Identity, Capital Model of
James E. Côté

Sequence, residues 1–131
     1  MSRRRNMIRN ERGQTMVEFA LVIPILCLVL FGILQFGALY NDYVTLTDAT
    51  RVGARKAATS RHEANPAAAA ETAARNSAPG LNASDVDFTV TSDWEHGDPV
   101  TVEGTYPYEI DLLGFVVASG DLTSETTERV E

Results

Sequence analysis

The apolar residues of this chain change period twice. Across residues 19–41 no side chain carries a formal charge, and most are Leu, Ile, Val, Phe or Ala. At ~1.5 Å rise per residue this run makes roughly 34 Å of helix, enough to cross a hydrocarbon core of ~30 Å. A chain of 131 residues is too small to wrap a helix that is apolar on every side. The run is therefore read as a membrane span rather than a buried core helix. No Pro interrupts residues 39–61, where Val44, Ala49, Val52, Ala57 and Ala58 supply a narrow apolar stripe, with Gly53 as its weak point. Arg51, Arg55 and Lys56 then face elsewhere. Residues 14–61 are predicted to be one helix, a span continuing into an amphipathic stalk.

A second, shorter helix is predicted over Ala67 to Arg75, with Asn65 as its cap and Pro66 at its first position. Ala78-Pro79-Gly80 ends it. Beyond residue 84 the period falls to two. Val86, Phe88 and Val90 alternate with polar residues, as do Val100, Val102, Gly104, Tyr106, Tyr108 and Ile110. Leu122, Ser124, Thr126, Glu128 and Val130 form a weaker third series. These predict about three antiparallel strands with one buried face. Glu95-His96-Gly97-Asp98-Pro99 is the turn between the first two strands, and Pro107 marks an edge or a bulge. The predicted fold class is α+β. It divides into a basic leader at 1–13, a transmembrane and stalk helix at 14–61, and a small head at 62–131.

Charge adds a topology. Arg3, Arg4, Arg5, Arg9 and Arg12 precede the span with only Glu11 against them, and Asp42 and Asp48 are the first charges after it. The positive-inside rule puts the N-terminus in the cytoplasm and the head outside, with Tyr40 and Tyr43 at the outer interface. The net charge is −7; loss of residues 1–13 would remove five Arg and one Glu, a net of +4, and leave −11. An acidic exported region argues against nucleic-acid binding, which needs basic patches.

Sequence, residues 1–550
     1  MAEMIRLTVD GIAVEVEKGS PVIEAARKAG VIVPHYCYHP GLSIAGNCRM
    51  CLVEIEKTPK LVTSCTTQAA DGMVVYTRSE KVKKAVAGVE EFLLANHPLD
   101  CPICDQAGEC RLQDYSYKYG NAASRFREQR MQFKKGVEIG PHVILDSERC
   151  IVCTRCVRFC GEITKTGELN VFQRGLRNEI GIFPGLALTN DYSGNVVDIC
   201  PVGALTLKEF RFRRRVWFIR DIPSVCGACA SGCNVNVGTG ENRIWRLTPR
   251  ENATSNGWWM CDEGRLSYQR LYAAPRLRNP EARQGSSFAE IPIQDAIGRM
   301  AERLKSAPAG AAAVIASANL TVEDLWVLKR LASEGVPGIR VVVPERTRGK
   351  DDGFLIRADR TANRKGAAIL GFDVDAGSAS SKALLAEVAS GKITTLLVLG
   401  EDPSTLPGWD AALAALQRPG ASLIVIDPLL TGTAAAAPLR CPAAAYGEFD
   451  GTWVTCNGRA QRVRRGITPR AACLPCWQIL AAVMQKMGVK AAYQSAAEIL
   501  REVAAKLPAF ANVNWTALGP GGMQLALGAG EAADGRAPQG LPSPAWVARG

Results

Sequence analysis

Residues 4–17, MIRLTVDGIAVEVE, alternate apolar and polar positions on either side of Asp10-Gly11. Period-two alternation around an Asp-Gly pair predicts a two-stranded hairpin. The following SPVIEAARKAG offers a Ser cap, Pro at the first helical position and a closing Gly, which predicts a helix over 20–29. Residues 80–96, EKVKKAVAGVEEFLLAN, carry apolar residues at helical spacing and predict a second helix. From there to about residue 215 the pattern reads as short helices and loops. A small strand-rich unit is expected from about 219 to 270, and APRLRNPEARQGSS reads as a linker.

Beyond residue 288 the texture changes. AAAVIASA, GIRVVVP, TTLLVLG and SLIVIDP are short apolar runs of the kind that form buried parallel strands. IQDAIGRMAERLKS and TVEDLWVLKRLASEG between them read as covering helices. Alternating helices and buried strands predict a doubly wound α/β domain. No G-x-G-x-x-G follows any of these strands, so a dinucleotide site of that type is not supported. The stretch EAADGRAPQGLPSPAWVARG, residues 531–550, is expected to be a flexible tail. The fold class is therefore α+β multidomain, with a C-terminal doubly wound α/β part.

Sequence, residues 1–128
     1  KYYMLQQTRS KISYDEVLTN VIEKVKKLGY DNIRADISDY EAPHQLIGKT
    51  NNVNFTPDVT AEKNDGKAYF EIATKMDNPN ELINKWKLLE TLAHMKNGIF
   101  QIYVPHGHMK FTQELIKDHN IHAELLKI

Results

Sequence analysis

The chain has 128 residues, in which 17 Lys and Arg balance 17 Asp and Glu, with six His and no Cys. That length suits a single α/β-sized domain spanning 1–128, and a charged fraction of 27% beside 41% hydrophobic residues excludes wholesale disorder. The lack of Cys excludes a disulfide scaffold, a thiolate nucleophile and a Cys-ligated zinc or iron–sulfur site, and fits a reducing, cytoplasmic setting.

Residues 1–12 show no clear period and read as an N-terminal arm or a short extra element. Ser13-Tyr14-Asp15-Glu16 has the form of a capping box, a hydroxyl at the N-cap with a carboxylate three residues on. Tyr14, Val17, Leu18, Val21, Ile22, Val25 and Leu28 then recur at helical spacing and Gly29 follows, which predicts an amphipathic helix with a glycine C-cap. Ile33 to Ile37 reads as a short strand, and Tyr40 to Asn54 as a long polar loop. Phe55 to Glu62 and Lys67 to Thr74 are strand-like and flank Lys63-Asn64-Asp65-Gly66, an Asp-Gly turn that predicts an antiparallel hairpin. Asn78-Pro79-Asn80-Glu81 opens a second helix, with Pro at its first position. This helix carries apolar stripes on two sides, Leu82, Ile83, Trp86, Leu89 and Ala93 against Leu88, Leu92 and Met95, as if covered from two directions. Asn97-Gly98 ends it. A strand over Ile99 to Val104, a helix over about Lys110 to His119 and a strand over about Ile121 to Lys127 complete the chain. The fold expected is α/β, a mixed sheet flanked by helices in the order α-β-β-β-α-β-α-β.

The identity capital model is a social-psychological approach to identity formation that integrates (developmental) psychological and (contextual) sociological understandings of identity. Sociologically, it is based on the assumption that, as a result of global economic and political changes that have eroded traditional normative and community structures, life course contexts in late-modern (contemporary Western) societies have become more “individualized.” Beck (1992) views individualization as an function of cultural destructuring processes: As a society undergoes a reorganization, old norms become obsolete, leaving people to their own devices in making major life decisions, including finding communities within which to establish integrative bonds. Individualized life courses are those involving “self-styled career/lifestyle trajectories based on … personal preferences and choices” (Côté, 2002, p. 118; to be distinguished from “individuation,” the process involving the boundary between self and other). Accordingly, an emerging normative course of maturation in late-modern societies compels people to develop themselves as The ...